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    Members of the pro-European movement Britain for Europe pose on a double decker bus dressed as judges outside the Supreme court building in London on the first day of a four-day hearing on December 5, 2016.

    Brexit 2016: Referendum Opens Pandora's Box of Legal Challenges

    © AFP 2019 / Ben Stansall
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    The British referendum on its membership of the European Union, June 23, 2016 — resulting in a vote to quit the union — unleashed a series of legal challenges in courts around the UK and in Ireland which are likely to muddy the waters for Brexit for months into 2017.

    Although the outcome of the referendum was clear — 52 percent voting to leave the EU, with 48 percent choosing to remain — the fallout from it is far from transparent. From the outset, many lawyers were suggesting the result of the referendum was not binding on parliament.

    A letter signed by more than 1,000 lawyers, published in July 2016, stated that the referendum was only "advisory" and that "there is evidence that the referendum result was influenced by misrepresentations of fact and promises that could not be delivered."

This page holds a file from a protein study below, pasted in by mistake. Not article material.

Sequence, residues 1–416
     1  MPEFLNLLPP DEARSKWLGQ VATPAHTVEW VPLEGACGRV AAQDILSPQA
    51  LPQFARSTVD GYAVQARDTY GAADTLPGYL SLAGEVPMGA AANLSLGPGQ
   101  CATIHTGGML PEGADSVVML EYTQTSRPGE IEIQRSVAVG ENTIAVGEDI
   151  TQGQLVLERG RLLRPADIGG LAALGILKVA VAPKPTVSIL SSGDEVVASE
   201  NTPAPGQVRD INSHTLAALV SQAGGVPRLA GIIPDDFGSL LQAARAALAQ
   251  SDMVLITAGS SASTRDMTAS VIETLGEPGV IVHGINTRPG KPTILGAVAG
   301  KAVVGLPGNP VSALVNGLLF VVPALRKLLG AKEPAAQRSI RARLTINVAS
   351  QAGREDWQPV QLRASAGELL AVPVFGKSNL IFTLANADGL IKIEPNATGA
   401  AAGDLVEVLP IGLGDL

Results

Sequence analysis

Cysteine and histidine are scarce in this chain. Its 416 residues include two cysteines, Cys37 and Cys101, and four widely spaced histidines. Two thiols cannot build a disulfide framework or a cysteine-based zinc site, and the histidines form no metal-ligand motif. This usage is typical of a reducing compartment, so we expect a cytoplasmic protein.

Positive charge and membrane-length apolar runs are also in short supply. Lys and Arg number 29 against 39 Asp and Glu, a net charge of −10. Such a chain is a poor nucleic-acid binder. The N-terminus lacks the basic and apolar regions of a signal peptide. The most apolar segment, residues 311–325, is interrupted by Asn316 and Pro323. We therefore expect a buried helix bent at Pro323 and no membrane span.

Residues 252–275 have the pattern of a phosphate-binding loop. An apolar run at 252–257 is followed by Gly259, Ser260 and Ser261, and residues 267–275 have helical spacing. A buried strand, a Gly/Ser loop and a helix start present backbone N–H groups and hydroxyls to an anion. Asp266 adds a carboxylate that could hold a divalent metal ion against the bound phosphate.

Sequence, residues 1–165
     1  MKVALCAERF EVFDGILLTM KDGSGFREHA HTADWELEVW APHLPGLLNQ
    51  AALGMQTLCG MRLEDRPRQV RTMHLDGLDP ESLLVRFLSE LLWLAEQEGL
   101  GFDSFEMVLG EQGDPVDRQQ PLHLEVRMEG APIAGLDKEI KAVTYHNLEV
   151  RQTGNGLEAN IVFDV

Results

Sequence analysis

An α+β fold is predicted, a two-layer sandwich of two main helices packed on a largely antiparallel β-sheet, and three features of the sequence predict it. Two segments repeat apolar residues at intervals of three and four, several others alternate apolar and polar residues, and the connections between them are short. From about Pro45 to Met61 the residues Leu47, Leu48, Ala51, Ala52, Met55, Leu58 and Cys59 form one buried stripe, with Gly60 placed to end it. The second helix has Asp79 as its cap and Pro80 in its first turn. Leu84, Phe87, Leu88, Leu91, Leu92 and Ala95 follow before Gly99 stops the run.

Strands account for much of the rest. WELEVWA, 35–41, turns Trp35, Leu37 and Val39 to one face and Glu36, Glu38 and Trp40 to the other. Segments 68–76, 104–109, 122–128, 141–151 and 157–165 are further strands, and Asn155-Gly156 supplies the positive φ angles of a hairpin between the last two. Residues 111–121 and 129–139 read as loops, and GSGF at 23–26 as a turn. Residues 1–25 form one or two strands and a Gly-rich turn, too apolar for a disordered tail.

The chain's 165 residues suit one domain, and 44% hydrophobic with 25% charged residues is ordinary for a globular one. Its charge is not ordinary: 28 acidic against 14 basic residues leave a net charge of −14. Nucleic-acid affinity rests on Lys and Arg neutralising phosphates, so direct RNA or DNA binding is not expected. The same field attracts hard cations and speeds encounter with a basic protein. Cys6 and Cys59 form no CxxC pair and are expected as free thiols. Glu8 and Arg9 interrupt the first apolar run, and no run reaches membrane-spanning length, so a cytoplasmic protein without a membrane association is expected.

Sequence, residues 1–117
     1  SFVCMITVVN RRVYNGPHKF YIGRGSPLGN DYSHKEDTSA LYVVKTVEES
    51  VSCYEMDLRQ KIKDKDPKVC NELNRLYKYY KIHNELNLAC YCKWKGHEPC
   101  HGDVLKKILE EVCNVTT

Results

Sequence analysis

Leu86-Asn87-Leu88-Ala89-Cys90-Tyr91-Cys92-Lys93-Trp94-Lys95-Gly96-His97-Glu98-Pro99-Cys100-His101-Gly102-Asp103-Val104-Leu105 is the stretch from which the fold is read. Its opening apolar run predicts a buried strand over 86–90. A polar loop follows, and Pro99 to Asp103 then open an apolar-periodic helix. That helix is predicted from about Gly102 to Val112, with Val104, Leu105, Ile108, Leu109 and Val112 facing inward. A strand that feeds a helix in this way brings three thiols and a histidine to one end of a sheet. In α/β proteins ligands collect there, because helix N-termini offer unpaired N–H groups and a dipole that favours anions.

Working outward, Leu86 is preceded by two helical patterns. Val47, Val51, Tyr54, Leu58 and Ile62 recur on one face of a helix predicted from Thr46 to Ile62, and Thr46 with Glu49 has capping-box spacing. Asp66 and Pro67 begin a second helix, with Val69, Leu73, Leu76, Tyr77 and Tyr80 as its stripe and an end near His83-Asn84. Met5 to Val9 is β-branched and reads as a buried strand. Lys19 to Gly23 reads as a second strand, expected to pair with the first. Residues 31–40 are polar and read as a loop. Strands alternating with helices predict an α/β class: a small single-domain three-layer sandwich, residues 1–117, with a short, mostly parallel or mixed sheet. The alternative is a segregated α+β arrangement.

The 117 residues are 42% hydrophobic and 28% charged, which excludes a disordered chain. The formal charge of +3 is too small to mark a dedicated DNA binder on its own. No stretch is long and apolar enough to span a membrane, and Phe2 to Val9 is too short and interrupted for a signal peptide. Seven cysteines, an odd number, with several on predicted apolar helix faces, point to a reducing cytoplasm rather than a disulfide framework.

Meanwhile, businesswoman Gina Miller and others engaged lawyers to take a case to the high court arguing that the Prime Minister, Theresa May, and her government did not have the authority to trigger Article 50 of the Treaty of Lisbon — the process of actually leaving the EU — without the consent of parliament.

    The question, in law, centers on what is known as the "Royal Prerogative" (also referred to as the Crown Prerogative): the ancient power vested in the king or queen to make unilateral decisions over his/her parliament. It dates back centuries to when England was ruled by Kings and Queens who had total power over their people and there was no parliament as we know it today.

    Queen Elizabeth II welcomes Theresa May, left, at the start of an audience in Buckingham Palace, London, where she invited the former Home Secretary to become Prime Minister and form a new government, Wednesday July 13, 2016
    © AP Photo / Dominic Lipinski